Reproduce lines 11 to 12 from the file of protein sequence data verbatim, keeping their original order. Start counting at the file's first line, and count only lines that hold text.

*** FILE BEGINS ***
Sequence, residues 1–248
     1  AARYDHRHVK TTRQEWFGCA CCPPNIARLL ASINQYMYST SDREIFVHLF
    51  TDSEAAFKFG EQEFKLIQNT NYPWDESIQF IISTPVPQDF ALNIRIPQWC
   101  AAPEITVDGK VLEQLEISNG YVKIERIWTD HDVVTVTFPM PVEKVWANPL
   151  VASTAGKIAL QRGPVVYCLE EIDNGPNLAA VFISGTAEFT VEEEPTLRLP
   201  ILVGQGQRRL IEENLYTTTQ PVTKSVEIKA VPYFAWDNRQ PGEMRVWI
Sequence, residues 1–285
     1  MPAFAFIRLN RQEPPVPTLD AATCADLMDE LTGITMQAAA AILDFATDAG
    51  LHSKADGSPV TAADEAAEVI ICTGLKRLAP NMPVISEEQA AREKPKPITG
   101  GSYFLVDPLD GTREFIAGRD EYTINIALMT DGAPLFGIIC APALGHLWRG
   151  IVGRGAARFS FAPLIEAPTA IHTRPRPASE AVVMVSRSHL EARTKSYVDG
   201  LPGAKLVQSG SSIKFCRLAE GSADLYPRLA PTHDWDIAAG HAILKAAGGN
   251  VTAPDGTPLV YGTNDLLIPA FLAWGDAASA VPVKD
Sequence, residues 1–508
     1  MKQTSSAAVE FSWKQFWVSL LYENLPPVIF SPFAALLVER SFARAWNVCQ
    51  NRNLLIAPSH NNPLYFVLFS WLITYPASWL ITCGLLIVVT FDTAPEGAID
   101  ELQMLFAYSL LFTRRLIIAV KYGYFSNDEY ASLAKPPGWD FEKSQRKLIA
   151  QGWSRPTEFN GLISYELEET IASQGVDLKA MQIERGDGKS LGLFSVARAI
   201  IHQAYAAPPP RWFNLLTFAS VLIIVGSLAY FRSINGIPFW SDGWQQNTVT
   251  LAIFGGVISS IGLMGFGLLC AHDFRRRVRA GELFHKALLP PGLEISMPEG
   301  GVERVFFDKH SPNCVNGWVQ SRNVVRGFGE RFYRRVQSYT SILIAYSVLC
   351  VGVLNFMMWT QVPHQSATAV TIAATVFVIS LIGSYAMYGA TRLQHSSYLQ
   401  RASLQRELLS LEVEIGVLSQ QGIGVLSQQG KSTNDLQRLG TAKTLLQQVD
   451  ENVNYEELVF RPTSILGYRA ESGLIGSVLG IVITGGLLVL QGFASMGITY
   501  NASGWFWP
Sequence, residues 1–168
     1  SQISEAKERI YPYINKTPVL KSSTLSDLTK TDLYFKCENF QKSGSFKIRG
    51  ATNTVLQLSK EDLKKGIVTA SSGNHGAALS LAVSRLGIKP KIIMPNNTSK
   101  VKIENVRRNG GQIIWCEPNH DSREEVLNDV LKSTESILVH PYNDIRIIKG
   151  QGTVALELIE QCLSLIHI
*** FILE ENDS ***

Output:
   151  IVGRGAARFS FAPLIEAPTA IHTRPRPASE AVVMVSRSHL EARTKSYVDG
   201  LPGAKLVQSG SSIKFCRLAE GSADLYPRLA PTHDWDIAAG HAILKAAGGN